It seems like almost daily I have been reading about drownings in the area. Children and adults alike, who head out for a fun day on the water and the day ends in tragedy. It is heart breaking and completely preventable. I grew up as a swimmer. I was on the local swim team and taught swimming lessons and considered myself a very strong swimmer, yet I had my own near drowning experience when I was 21 and too cocky for my own good. I know many of these water safety recommendations will be familiar, but a reminder never hurts…
- Never swim alone. Children should never swim without an adult, but adults also shouldn’t swim alone. A leg cramp, injury, medical emergency or even just fatigue can get you into trouble fast.
- Always wear a floatation device when boating, even if you are just going out a short distance on a dingy. Waves and currents can pull your boat out further than you intended.
- If you are taking your children swimming and you have more children than arms…put floatation devices on them! Even if you are taking two children swimming and they are not likely to stay near you, put floatation devices on them. Remember that floatation devices do not replace supervision though, and your children need to be within your line of sight at all times.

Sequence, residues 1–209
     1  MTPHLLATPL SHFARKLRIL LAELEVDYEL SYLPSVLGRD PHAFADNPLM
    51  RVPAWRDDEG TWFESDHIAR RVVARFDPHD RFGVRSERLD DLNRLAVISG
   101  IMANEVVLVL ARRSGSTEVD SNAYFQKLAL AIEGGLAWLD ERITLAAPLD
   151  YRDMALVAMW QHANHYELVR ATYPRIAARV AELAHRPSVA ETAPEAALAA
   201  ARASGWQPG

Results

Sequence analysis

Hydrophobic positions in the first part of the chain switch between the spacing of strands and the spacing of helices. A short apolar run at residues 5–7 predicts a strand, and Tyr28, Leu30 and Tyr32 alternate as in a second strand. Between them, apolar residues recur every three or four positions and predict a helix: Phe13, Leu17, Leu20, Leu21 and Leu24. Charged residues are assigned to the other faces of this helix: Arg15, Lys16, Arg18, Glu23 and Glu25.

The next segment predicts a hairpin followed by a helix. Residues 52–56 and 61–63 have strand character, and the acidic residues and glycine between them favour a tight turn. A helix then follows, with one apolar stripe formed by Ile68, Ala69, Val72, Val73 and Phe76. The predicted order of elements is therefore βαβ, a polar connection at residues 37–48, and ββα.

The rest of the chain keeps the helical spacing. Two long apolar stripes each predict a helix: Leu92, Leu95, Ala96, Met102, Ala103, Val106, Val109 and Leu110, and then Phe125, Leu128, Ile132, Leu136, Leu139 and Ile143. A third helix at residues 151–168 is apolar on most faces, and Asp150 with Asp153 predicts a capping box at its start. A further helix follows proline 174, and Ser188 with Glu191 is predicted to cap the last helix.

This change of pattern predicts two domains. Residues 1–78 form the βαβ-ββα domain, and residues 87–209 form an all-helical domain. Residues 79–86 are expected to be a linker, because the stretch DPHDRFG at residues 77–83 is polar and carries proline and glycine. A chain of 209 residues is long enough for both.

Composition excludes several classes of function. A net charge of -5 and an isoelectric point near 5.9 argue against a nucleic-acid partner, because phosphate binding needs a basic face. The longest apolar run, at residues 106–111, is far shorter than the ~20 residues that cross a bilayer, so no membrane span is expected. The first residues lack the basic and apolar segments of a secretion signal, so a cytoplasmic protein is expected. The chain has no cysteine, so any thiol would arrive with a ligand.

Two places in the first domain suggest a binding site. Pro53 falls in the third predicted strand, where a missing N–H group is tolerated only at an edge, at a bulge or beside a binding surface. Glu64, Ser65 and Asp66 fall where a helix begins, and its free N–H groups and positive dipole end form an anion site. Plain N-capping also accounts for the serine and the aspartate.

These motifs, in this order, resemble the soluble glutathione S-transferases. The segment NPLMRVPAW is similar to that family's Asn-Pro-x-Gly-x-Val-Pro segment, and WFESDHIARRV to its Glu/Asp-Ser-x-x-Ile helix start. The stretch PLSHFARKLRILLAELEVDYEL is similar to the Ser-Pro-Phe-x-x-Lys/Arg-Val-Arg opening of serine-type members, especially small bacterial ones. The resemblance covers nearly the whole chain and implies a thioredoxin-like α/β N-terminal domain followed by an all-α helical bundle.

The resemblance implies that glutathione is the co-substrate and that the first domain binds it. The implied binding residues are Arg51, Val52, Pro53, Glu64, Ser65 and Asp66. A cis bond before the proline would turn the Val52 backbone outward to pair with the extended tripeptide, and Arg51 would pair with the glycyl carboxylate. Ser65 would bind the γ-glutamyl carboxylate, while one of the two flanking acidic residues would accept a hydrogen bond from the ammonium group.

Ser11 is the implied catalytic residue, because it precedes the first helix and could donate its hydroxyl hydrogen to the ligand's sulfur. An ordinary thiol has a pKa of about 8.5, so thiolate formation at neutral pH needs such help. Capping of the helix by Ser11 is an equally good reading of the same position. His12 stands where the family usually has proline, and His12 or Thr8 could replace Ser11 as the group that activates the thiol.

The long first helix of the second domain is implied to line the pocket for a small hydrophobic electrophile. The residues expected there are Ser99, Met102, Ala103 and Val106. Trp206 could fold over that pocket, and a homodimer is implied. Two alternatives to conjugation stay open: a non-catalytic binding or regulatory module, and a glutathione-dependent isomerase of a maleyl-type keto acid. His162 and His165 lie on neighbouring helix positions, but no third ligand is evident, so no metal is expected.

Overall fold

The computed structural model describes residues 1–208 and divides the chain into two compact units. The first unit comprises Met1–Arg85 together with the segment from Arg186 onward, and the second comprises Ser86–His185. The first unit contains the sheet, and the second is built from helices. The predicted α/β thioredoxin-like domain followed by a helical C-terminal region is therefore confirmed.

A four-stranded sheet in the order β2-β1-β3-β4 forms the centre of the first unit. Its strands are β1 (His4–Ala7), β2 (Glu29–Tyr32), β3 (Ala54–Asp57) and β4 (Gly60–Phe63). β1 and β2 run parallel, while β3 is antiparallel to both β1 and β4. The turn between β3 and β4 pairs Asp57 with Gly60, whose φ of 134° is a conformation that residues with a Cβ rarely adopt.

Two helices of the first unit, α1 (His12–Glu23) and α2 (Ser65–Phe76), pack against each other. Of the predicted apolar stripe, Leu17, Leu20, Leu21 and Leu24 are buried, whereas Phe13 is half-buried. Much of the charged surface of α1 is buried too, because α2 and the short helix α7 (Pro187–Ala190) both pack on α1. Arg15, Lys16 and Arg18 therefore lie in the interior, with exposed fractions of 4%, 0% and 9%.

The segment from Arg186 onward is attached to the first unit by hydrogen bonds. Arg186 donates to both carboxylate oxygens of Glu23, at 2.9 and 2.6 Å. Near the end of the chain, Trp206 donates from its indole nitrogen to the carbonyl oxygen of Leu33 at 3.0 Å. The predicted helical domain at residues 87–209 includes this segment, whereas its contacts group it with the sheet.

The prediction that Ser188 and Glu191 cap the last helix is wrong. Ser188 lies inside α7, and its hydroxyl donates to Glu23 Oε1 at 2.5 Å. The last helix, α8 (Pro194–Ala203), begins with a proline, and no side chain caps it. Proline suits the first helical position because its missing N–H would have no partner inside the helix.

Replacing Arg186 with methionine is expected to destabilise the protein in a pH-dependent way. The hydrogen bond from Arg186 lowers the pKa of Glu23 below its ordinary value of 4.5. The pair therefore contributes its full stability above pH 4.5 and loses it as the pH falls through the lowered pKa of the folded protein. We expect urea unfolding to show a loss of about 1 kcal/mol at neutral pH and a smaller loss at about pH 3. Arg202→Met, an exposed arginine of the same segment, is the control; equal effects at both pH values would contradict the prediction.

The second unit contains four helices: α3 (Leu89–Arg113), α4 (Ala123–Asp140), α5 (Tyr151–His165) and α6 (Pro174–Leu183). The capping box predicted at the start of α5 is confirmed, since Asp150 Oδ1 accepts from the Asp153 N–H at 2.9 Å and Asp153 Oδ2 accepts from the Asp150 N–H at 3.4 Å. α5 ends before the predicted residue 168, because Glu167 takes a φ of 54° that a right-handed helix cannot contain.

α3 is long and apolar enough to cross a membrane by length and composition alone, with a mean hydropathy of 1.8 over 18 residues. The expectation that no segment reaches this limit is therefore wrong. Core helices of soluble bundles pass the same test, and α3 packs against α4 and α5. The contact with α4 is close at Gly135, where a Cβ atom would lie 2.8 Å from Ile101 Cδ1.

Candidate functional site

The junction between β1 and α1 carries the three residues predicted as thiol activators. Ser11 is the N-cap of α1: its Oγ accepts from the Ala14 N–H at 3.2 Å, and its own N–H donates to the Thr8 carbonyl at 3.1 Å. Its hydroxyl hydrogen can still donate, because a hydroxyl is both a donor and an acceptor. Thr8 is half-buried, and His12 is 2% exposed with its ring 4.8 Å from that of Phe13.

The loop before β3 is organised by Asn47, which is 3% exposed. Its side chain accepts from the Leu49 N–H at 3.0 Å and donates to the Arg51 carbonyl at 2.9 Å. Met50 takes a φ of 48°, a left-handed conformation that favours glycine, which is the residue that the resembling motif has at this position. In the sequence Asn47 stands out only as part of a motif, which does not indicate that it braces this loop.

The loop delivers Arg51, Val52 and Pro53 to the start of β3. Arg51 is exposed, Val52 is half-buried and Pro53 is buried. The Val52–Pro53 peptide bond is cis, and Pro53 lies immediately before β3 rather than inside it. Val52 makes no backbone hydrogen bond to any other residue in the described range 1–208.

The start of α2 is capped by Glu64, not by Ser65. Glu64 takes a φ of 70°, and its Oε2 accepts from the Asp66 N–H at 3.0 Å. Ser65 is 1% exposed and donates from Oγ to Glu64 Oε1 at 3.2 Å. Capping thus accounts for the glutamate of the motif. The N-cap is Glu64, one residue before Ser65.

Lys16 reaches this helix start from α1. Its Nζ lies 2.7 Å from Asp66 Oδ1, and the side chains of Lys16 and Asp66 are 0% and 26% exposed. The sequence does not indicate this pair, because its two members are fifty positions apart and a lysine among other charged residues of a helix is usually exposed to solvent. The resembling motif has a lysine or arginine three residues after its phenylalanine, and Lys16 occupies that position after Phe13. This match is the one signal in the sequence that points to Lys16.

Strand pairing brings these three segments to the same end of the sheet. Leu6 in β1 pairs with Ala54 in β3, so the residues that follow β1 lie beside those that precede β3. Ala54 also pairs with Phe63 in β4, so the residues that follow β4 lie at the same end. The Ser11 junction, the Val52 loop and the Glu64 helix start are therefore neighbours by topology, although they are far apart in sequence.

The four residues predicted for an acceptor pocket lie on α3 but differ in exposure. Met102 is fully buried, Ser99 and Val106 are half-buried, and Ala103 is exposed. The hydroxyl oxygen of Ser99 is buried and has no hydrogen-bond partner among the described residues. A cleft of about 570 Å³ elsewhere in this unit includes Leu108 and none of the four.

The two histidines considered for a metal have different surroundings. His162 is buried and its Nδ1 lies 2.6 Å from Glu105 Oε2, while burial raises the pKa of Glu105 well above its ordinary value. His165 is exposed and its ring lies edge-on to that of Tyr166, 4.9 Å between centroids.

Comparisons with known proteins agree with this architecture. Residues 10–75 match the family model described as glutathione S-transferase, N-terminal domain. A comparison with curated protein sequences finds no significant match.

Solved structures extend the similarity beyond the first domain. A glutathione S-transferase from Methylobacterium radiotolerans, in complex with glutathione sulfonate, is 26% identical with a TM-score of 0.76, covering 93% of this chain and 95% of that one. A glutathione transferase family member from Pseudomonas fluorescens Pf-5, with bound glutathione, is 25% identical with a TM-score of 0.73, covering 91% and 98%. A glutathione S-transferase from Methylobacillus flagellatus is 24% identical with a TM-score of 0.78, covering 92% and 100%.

- Don’t tolerate horseplay in the water! Kids get carried away really quickly, and jumping/pushing/grabbing each other in the water can lead to disaster. When my kids start acting this way in the pool, their swim is cut short pretty quick.
- Don’t walk away from children in a pool, not even for a second. When Griffin decides he needs to pee (right now!), everyone has to get out of the pool. We cheat and let him pee in the bushes (don’t judge me) so I allow the kids to stay sitting on the ladder, but if we were going in the house, they would have to come with us or I am sure they would “forget” and get back in the pool. Which leads me to the next rule…
- Don’t trust your children to do what’s right. Yes, we all have perfect kids who follow every rule and would never get in a pool unsupervised or lean over the side to get something…but are you willing to bet their lives on it? I’m not, so I don’t trust them alone near a pool.
- Don’t leave children’s wading pools full of water when not in use. Even if you know your children won’t be near them, another child may wander over and fall in.
- Don’t drink and swim or boat. If you are impaired, stay away from the water. Enough said.
- Teach your children to swim. If you are not a swimmer, put them in lessons. If you can’t afford lessons and you can’t teach them yourself, there are many “learn to swim” videos online to use as reference. Even the basics like floating and treading water could save your child’s life.
- Keep rescue aids like a life preserver near the pool, but know that you can use a towel or anything that the drowning victim could grab ahold of. Do not ever let a drowning victim grab ahold of you. Fear and panic increase strength and you will end up with two drowning victims instead of one. If you must get them from the water, grab them from behind by putting your arm around them under the arm pit and across the chest.
- Be trained in first aid and CPR. It could save a life anywhere.
Drowning is silent. It isn’t like they show in the movies with gasping and flailing and yelling for help. Keep your children in sight and in arm’s reach, and grab them if things look even slightly “off”.
Have a safe and fun summer!